The registration procedure is illustrated in Fig. 2 as follows: ① The end-host registers the PI address with the local AZR. ②③ The local AZR assigns a PA address for it and looks up the HUI corresponding to the PI address through DNS. ④⑤ The AZR registers the triple-binding with the RZBS. ⑥ A response is returned to the end-host. After these steps, the PI address is globally reachable without any changes to the end-host and the DFZ routers only use the PA addresses for global routing. If the end-host sends packets to a globally reachable destination locator, the AZR simply replaces the source PI address with end-host’s PA address and routes the packets to the destination locator. If the end-host is MILSA-aware, it doesn’t have to use PI address and won’t have the triple-binding overhead. But if it does (maybe for transition purpose), the packet forwarding procedure can be illustrated in Fig. 3 as follows:



Policy Server

Routing Network



⑥ Zone Data Link Signaling Link

Fig. 3. Packet forwarding procedure

① The end-host sends out the packets with source PI address, source identifier, closest AZR address as the destination address, and the remote host’s DNS name. ②③ AZR gets the HUI of the remote host through DNS. ④⑤ AZR uses the HUI to get the current locator of the remote host from RZBS. ⑥ AZR replaces the source PI address of the packets with the PA address and routes the packets using the returned locator as destination address. Whether the end-host is MILSA-aware or not, the PI address won’t be injected to the DFZ global routing tables and won’t create the routing scalability issues. Policy operations may be involved which are not shown in detail for simplicity. In short, this hybrid design enables PI address continuously to be used without violating the topological prefix aggregation rules for scalable routing, and it is transparent to the end-host. It can also benefit from the overlay RZBS infrastructure in mobility, multihoming, renumbering, and traffic engineering. It is a solution for short-term as well as long-term design goals. B. Secure Hierarchical Identifier System Enhancements The new HUI structure consists of two parts: the flat cryptographic part and the hierarchical logical part. The first part is the hash of public key that uniquely identifies an object. This flat part is similar to the HIT (Host Identity Tag) of HIP [4] which is used for end-to-end authentication and data security. However, it is also possible to incorporate other new global end-to-end mechanisms in the future. The second hierarchical part defines the organizational affiliation which logically locates the position of the object in the realms. This part is different from the DNS name in that HUI is purely about logical affiliation while in the DNS name the location and logical affiliation are somewhat overlapped, which is exactly like the “identifier” and “locator” overlapping in the current IP address. In both cases the overlapping causes problems. Moreover, the DNS name is only used in application layer but HUI is also used in transport layer and network layer. As a simple example to illustrate the difference between DNS name and our identifier, “mail.yahoo.com.cn” represents a host or server located in China belonging to Yahoo. Although we can explain “.cn” to be a super big organization, this part of DNS name is more an indication of location. To avoid this ambiguity, in MILSA, the HUI hierarchy in the second part only indicates the logical organizational affiliation. We concatenate these two parts into a HUI. For example, the HUI for a mail account object may be named like:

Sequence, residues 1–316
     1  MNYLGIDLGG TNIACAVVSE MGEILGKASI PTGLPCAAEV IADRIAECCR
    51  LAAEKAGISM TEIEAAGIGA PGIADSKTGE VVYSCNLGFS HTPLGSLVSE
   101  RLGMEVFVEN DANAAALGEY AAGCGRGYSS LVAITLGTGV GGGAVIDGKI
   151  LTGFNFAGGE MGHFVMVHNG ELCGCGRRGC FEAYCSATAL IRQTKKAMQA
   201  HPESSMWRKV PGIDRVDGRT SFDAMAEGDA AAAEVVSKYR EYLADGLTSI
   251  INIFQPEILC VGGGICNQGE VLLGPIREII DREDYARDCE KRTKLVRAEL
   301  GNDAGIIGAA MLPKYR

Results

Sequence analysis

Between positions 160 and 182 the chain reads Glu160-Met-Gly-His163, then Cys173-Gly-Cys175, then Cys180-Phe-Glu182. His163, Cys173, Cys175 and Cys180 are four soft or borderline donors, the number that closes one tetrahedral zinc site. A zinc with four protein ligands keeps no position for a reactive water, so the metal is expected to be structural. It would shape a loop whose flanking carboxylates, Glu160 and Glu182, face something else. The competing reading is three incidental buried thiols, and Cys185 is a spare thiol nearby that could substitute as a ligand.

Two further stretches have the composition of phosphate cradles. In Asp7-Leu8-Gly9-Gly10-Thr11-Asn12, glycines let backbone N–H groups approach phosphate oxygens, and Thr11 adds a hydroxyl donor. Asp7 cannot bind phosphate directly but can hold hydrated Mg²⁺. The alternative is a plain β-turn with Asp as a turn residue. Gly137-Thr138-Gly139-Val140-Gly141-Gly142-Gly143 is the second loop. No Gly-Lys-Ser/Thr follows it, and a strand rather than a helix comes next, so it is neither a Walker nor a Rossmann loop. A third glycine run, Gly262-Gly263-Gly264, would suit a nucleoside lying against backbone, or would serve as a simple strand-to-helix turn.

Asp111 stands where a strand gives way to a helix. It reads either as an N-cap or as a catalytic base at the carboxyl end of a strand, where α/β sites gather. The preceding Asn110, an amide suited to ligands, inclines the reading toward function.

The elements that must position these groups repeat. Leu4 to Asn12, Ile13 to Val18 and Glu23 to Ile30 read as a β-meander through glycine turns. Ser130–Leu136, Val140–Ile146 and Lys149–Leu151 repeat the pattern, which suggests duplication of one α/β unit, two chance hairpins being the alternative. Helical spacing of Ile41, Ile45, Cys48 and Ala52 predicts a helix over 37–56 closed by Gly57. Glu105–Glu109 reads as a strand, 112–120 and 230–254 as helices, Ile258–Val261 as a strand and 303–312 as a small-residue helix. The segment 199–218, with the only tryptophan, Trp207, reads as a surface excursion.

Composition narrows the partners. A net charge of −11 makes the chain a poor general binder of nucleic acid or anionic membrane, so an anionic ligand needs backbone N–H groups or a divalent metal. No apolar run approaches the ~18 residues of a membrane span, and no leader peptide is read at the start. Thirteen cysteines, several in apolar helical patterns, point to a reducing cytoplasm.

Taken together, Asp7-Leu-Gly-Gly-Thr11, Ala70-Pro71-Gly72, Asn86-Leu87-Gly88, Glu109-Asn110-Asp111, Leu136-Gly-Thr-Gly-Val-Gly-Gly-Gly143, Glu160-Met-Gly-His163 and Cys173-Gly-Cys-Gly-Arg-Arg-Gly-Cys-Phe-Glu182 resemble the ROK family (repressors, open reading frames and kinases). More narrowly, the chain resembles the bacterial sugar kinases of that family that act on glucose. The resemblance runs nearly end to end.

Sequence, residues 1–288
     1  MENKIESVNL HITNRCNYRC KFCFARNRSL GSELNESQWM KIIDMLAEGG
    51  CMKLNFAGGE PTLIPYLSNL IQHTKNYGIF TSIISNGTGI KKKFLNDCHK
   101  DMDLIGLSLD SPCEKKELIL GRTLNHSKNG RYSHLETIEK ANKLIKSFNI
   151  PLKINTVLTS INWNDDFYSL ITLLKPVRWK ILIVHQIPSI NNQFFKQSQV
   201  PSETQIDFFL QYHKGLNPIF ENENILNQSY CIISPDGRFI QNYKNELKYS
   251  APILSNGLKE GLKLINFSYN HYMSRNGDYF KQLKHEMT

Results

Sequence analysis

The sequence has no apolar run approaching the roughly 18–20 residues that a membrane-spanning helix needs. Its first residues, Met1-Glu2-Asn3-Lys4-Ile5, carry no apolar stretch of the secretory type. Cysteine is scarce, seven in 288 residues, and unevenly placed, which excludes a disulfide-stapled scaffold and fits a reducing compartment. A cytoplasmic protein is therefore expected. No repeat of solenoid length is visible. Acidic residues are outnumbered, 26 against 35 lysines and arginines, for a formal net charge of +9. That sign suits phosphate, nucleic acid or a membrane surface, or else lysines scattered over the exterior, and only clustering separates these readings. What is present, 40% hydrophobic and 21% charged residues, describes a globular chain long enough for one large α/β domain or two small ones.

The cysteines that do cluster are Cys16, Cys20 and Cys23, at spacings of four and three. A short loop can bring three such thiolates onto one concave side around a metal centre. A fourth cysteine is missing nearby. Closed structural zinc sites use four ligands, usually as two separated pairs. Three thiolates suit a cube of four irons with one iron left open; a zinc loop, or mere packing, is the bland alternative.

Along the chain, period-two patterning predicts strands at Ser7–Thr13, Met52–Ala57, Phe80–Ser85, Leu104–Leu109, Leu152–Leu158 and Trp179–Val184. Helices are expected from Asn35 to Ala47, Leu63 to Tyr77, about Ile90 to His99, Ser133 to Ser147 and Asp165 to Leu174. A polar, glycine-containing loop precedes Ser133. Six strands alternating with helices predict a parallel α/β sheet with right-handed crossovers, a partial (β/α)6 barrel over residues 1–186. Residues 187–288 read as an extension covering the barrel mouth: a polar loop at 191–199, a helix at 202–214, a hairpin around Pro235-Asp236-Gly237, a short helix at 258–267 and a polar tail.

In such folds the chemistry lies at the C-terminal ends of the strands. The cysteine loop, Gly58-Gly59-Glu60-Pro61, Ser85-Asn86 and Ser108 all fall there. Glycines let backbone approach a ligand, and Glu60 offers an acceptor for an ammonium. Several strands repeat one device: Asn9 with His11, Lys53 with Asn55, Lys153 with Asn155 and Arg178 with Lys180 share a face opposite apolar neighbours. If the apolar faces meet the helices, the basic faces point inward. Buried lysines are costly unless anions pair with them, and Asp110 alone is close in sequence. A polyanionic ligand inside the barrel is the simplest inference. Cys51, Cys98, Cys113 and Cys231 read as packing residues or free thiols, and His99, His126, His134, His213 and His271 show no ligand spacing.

“{Hashed Key}.MichaelPhelps.mail.us.yahoo.com” The left part is the hashed public key of the object and the right part is the logical affiliation of the object. We now discuss the rationale for the design of this concatenated HUI. To name an object, we can use flat, hierarchical, or descriptive names. Since they have different advantages and disadvantages, a combined one is desirable. In our HUI design, the first flat part is easy to process by machines but hard to remember for people, so it is used to perform the end-to-end security which may have critical speed or performance requirement; the second hierarchical part is easy to understand by people and easy to organize and manage by using a tree-like realm structure (refer to the realm-zone definition in [1]). In short, we gain several advantages through this concatenation. Actually, descriptive name is also used for service discovery in the service model of MILSA which will also be addressed later in this paper. Note that this HUI design is also consistent with our trust relationship design in which the first part is for end-to-end inter-host trust while the second part is for hierarchical realms’ inter-realm trust. C. Three-level Mapping We also need to clarify how HUIs are used in MILSA and the underlying rationale. We assume users prefer using the easy-to-understand DNS name in the application layer. So we allow the mapping from the general DNS name to the HUI since the first part of our HUI contains the “not very userfriendly” hashed key. Note that this mapping is not very dynamic and we can implement it by adding new RR type into DNS. After getting the HUI for the given DNS name, it can be further resolved into the current locator of the object. DNS Name DNS Infrastructure